Lummi member is state’s first Native American poet laureate

One of Rena Priest’s main goals will be to celebrate poetry in tribal communities in the state.

Rena Priest is the first indigenous poet to be appointed Washington State Poet Laureate. (Lela Childs/ArtsWa/HumanitiesWashington)

Rena Priest is the first indigenous poet to be appointed Washington State Poet Laureate. (Lela Childs/ArtsWa/HumanitiesWashington)

By Kie Relyea / The Bellingham Herald

Rena Priest, a Bellingham writer and member of the Lummi Nation, has become the first Native American poet to serve as Washington state’s poet laureate.

Gov. Jay Inslee appointed Priest to be the state’s sixth poet laureate, the Washington State Arts Commission and Humanities Washington announced on Thursday, April 1.

Her two-year term begins April 15.

Priest said she was “excited and honored” by the appointment.

“I’m fascinated by the way people come together around poetry. I am always delighted by how they gather in quiet rooms and let themselves be drawn in, lit up, and transformed by the words of other people,” the Lummi tribal member said in a news release. “It’s a powerful way of connecting.”

Priest succeeds Claudia Castro Luna, the current poet laureate and a Seattle resident.

One of her main goals as poet laureate will be to celebrate poetry in tribal communities in the state.

“There are 29 federally recognized tribes in Washington, composed of 140,714 tribal citizens,” Priest said in the release. “I’m sad to say that in the hundreds of poetry readings I’ve attended over the years, I’ve only met a handful of Native poets. I know that this is not because we don’t exist, but because we don’t have the same access to writing communities as people living in cities and towns.”

She also wants to use poetry to focus attention on the natural world and its protection at a critical juncture.

“We are in an important historical moment when science has given us a deadline to make significant changes to heal our planet,” she said in the release. “I want to use poetry as a tool to offer new perspectives and generate enthusiasm for the idea that we can slow and reverse the effects of ecological destruction simply by loving the Earth.”

Her literary debut, “Patriarchy Blues,” received the 2018 American Book Award. Her most recent work is “Sublime Subliminal.”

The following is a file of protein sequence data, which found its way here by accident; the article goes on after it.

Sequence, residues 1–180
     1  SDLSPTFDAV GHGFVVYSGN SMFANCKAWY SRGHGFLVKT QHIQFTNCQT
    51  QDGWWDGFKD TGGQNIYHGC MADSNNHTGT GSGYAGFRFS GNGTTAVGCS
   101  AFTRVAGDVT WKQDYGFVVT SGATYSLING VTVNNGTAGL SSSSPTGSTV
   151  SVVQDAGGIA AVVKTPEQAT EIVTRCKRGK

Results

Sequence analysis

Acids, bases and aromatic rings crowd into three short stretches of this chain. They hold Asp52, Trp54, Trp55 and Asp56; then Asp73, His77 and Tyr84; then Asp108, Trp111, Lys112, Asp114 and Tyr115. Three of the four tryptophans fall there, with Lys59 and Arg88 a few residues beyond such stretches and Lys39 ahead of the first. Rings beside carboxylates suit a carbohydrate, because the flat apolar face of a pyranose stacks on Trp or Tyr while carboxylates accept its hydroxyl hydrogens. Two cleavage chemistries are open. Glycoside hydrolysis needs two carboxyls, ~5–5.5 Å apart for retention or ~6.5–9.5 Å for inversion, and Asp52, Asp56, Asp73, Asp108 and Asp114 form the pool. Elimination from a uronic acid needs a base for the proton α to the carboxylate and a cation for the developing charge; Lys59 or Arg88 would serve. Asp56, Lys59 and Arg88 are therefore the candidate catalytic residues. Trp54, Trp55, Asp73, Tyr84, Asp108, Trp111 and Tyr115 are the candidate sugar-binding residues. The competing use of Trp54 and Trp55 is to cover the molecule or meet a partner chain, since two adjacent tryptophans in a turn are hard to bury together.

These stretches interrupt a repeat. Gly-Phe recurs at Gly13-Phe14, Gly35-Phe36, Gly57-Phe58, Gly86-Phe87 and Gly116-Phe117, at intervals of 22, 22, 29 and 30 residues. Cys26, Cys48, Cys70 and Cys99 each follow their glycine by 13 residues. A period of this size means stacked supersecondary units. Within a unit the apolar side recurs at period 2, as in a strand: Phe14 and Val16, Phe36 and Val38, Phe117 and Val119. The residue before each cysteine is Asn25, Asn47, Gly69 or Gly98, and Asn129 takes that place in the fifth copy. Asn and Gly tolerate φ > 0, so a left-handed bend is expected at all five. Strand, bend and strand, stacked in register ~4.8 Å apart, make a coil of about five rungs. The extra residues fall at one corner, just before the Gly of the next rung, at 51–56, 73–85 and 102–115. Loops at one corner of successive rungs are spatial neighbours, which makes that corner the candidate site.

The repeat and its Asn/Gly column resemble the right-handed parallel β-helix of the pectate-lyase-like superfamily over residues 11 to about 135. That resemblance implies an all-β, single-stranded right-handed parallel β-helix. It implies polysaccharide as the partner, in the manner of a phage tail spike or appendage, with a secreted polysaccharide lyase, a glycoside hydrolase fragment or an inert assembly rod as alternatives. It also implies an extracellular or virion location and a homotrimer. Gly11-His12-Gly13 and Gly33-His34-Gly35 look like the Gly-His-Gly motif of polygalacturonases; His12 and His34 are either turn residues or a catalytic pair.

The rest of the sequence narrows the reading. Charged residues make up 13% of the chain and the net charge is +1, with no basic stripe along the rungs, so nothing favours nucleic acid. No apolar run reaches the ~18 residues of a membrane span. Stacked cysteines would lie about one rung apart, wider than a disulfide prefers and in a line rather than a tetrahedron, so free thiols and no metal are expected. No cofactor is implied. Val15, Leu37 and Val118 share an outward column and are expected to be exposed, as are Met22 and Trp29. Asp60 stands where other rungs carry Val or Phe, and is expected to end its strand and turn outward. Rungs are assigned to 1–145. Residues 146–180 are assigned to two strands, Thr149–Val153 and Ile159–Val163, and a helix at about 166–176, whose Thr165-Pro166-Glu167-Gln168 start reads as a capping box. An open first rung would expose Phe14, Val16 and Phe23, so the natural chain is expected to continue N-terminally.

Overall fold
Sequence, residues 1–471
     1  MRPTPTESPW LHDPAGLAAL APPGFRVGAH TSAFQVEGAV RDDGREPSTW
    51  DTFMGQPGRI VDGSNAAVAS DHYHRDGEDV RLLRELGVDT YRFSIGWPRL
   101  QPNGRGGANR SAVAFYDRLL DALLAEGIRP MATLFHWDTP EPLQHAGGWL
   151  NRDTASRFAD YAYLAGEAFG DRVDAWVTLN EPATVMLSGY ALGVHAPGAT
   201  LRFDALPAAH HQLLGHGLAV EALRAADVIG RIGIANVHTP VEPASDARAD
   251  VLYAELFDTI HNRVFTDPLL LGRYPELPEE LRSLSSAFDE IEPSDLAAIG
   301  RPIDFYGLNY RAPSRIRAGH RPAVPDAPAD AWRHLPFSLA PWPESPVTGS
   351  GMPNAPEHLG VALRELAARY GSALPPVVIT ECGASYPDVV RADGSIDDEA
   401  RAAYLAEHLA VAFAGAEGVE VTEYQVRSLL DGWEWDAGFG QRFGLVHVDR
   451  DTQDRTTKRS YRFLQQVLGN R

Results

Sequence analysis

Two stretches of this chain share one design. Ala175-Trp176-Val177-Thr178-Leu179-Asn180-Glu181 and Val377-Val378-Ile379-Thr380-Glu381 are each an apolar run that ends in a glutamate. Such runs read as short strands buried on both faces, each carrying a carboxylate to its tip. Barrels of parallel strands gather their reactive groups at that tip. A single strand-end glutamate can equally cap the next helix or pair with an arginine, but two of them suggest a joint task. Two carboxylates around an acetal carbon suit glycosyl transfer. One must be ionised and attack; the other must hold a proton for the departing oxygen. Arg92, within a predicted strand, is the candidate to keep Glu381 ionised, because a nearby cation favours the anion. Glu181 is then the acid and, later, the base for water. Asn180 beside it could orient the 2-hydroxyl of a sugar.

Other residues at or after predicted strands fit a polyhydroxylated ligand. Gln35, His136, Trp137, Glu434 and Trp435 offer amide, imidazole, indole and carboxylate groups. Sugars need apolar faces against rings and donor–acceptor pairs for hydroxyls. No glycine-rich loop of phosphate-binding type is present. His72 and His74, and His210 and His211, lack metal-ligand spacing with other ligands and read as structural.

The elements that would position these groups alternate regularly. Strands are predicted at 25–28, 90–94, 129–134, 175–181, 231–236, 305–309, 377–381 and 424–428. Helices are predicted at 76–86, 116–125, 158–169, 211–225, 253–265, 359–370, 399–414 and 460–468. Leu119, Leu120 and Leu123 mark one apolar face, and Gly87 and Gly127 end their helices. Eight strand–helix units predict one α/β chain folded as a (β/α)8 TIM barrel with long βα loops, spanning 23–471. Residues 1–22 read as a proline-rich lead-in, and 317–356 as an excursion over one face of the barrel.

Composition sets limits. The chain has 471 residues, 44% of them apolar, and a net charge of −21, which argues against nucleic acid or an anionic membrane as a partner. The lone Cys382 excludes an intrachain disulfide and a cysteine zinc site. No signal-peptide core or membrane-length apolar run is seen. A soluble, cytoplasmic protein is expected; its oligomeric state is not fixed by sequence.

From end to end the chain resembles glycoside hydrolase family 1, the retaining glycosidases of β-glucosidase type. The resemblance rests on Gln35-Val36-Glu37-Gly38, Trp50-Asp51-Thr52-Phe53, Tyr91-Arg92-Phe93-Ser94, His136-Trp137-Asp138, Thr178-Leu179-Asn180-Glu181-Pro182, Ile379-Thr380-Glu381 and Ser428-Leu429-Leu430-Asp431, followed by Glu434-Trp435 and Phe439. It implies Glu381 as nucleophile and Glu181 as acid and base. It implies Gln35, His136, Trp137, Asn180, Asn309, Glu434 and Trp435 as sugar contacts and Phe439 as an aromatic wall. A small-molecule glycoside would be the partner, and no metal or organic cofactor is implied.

In addition to her poetry, some might recognize Priest from a video for young learners titled “Explorer Classroom — Saving Tokitae,” in which she discussed efforts to free the orca Tokitae from the Miami Seaquarium and bring her home to the Salish Sea.

State officials said that laureate candidates were evaluated on their writing acumen as well as their promotion of poetry and commitment to reaching diverse communities.

“The panel was impressed by Rena’s skill and compelling nature of her poetry and work,” Karen Hanan, Washington State Arts Commission executive director, said in the release. “She was also chosen for the depth and breadth of her connections to communities and her capacity to further extend those connections through her role as State Poet Laureate.”

Priest’s term as Washington’s poet laureate ends March 31, 2023.

The state’s poet laureate program is a joint effort of the Washington State Arts Commission and Humanities Washington.

Passing of the Laurel

A virtual celebration of Rena Priest’s appointment as Washington state’s newest poet laureate runs 6 p.m. to 7 p.m. on April 14.

The event is organized and hosted by the Lummi Nation, Humanities Washington, the Washington State Arts Commission and the Washington Center for the Book.

Past laureates will be honored during an evening of poetry, speech and song.

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